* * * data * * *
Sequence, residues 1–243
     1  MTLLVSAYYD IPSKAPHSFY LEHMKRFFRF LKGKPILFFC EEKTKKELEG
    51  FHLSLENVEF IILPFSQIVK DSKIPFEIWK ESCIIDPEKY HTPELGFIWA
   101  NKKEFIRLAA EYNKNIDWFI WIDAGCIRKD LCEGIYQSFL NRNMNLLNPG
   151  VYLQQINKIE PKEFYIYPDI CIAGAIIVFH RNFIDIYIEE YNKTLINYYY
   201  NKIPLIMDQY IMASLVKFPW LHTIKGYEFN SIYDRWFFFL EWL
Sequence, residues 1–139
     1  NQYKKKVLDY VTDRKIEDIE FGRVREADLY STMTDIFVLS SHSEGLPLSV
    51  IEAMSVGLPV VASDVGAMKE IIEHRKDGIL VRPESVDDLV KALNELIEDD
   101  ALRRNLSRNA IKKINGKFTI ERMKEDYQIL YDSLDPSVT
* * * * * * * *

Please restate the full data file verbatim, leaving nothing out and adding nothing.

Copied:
Sequence, residues 1–243
     1  MTLLVSAYYD IPSKAPHSFY LEHMKRFFRF LKGKPILFFC EEKTKKELEG
    51  FHLSLENVEF IILPFSQIVK DSKIPFEIWK ESCIIDPEKY HTPELGFIWA
   101  NKKEFIRLAA EYNKNIDWFI WIDAGCIRKD LCEGIYQSFL NRNMNLLNPG
   151  VYLQQINKIE PKEFYIYPDI CIAGAIIVFH RNFIDIYIEE YNKTLINYYY
   201  NKIPLIMDQY IMASLVKFPW LHTIKGYEFN SIYDRWFFFL EWL
Sequence, residues 1–139
     1  NQYKKKVLDY VTDRKIEDIE FGRVREADLY STMTDIFVLS SHSEGLPLSV
    51  IEAMSVGLPV VASDVGAMKE IIEHRKDGIL VRPESVDDLV KALNELIEDD
   101  ALRRNLSRNA IKKINGKFTI ERMKEDYQIL YDSLDPSVT